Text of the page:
Back in the '80s, Prestonwood Country Club opened a course in Plano known as The Hills. To irrigate the greens and fairways, they pumped water out of Indian Creek.
What the folks at Prestonwood didn't know at the time, or else chose to ignore, was that the water they were drawing from the creek, a tributary of the Elm Fork of the Trinity River, belonged to Dallas. This finally came to the attention of City Hall in 2011, when a tipster complained to the Texas Commission on Environmental Quality.
No one knows for sure the value of the water that's been taken over the past three decades. Dallas Water Utilities Director Jody Puckett's best guess is in the ballpark of $500,000.
A representative of Prestonwood did not returned a call or email seeking comment.
(Update on February 13: "We're certain we will find a positive resolution to all aspects of this," Prestonwood GM Brian Keelan wrote in an email Wednesday evening. "We have been working diligently with all parties to find an amicable solution that's fair and equitable to everyone.")
The question the City Council faced today is 1) how best to collect Prestonwood's water debt and 2) whether to sell the country club water moving forward.
The council settled neither point. Because country clubs are playgrounds for the upper class, and because race and class in America are so closely entwined, and because the Dallas City Council can't talk about race without screaming at each other, things degenerated.
City staff, which has been negotiating with Prestonwood for a while now, proposed writing off the stolen water in exchange for a 3.1-acre wastewater easement that an appraiser hired by the city valued at $772,000 and simply charging the country club water moving forward.
Council member Scott Griggs kicked off the debate by suggesting the city was getting a losing deal. Twice Prestonwood has sued the Dallas Central Appraisal District to get a lower valuation for tax purposes, successfully getting it knocked down to about $.75 per square foot. What the city was offering to pay, simply to have access to a parcel of land that's mostly in the floodplain, was around $5.65 per square foot.
"They can't have it both ways," Griggs said. "It's not fair to the taxpayer, and it's not fair to the city of Dallas."
Seems like a fair point, and Griggs ultimately got his wish to have the a vote postponed, but first, Vonciel Hill had to let it be known just how much she loathes the fresh-faced intellectual property attorney from Oak Cliff.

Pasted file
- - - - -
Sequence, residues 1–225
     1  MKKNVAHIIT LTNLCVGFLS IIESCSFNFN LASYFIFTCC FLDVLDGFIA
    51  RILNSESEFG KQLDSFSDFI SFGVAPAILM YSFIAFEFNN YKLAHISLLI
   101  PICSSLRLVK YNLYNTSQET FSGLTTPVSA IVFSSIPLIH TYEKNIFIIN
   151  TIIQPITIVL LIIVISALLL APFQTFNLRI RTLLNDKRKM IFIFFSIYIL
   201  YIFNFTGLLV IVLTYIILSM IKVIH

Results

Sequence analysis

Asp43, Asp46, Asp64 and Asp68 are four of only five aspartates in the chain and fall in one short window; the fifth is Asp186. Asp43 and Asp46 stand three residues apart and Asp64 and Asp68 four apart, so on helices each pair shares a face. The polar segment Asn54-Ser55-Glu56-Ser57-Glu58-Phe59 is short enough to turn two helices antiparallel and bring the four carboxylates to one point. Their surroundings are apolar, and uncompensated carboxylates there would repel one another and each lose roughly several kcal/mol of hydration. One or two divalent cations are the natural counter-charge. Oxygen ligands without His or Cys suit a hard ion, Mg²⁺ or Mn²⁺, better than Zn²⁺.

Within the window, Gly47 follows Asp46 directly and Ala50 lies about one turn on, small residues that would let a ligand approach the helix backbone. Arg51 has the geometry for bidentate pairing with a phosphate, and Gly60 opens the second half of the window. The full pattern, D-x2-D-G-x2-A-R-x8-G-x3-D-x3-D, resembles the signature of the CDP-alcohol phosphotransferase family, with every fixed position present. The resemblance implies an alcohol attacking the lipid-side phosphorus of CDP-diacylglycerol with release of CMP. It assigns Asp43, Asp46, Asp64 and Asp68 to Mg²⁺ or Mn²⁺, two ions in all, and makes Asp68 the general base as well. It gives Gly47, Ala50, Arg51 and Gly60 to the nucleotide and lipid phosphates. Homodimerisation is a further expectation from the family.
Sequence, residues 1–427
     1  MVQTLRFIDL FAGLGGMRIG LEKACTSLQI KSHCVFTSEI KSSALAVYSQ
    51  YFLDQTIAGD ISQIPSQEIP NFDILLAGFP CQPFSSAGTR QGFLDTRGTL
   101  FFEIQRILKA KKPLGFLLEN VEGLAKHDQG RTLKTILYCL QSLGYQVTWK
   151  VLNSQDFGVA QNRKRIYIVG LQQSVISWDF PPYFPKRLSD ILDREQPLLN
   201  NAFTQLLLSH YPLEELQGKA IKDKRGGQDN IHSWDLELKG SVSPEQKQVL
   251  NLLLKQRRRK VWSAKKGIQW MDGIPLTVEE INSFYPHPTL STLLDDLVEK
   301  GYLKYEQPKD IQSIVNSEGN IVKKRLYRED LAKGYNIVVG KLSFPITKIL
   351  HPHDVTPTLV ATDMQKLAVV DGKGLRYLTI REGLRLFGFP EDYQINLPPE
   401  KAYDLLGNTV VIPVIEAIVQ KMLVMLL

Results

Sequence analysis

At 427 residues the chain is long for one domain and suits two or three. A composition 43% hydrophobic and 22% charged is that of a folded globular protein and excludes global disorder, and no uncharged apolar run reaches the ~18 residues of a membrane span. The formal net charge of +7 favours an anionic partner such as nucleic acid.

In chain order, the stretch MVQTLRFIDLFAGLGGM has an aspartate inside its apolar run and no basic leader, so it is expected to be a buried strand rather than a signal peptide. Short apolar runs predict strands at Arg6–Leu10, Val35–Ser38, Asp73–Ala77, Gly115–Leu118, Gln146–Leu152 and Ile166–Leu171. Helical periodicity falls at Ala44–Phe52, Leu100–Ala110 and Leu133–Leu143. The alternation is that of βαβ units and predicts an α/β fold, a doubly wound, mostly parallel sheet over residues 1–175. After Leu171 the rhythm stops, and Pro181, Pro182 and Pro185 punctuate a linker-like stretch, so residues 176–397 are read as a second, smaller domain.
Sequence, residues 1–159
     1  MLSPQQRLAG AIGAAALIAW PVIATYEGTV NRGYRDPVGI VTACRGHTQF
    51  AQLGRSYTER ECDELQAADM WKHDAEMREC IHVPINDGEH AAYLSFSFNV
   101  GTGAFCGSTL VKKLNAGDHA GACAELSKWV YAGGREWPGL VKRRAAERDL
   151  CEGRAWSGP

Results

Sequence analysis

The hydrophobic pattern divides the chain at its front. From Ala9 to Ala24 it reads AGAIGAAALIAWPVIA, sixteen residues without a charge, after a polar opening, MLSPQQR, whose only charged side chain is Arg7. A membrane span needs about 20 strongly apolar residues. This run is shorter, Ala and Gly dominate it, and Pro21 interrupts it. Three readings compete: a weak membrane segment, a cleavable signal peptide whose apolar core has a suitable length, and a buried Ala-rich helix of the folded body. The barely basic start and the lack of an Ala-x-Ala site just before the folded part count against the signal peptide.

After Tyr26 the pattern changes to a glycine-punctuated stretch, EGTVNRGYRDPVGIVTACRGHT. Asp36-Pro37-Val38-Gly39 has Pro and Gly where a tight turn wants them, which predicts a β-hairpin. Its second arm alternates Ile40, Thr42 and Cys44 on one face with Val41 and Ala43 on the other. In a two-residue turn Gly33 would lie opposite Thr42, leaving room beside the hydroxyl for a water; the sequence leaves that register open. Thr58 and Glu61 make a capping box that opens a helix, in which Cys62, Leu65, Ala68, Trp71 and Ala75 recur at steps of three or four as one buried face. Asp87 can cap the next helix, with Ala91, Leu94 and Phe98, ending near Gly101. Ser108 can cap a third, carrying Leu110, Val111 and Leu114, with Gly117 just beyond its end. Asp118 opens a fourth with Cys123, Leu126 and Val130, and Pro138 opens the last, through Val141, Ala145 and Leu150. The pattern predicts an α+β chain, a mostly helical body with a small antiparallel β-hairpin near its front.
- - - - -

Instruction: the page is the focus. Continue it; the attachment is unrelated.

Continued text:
"I think this entire public discussion is inappropriate," Hill declared. "I believe that the pontification I've heard is for public consumption and newspaper headlines."
Accusing a private business of theft is "utterly unnecessary, inappropriate and should not happen," she said. So was bringing up the two lawsuits they filed against DCAD.
"Allegations in lawsuits are meant to be disputed and handled in an appropriate forum," she continued. "Any lawyer with a law license and three seconds of practice knows that is the case. No litigator would step to any microphone and pretend that allegations in a lawsuits are a fact. I will not be voting for this spurious, misplaced, ill-conceived notion" that the vote be delayed pending further study.
Councilman Lee Kleinman also chimed in to defend Prestonwood. The country club, he says, "pays their own way," a fact he contrasted with public courses. It's taxpayer money that's paid for recent multi-million-dollar overhauls of Stevens Park and Tenison and paid for a fancy new clubhouse at Cedar Crest.
"[Y]eah, [Prestonwood] shouldn't be taking our water, we should be getting a proper appraisal, but let's not attack the golf industry when they pay their own way," he said. "They don't depend on North Dallas taxes to provide golf to South Dallas."
This, in turn, prompted Dwaine Caraway to declare that "I'm a mad Mr. Caraway right now" and launch into a fiery oratory about the struggle for racial justice in Dallas.
"In 1961, when black people started moving to Oak Cliff, the three-story clubhouse at Cedar Crest was burned down!" he said. It took a half century to get a decent one rebuilt. "We fought to get clubhouse built back."
But as Mayor Mike Rawlings and Jerry Allen eventually pointed out, the matter of how good a deal Dallas can get from Prestonwood will have little to do with how big a tax break it gets, or matters of race and class, or fairness. It will be based on what damages Dallas would be able to prove in court. Their conclusion: very little.
Translation: City staff will go back to the negotiating table, but don't expect a materially better deal.
Send your story tips to the author, Eric Nicholson.
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